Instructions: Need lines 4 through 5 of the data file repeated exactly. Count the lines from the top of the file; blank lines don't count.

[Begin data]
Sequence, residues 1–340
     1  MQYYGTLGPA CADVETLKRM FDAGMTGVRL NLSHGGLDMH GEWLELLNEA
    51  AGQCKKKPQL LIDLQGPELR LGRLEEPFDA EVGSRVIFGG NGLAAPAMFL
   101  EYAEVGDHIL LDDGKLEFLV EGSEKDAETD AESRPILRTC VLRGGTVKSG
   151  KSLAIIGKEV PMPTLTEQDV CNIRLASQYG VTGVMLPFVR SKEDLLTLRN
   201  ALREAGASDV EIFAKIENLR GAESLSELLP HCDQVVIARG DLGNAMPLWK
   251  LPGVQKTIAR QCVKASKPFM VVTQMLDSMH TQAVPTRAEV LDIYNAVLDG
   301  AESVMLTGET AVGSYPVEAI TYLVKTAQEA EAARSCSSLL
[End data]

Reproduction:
   101  EYAEVGDHIL LDDGKLEFLV EGSEKDAETD AESRPILRTC VLRGGTVKSG
   151  KSLAIIGKEV PMPTLTEQDV CNIRLASQYG VTGVMLPFVR SKEDLLTLRN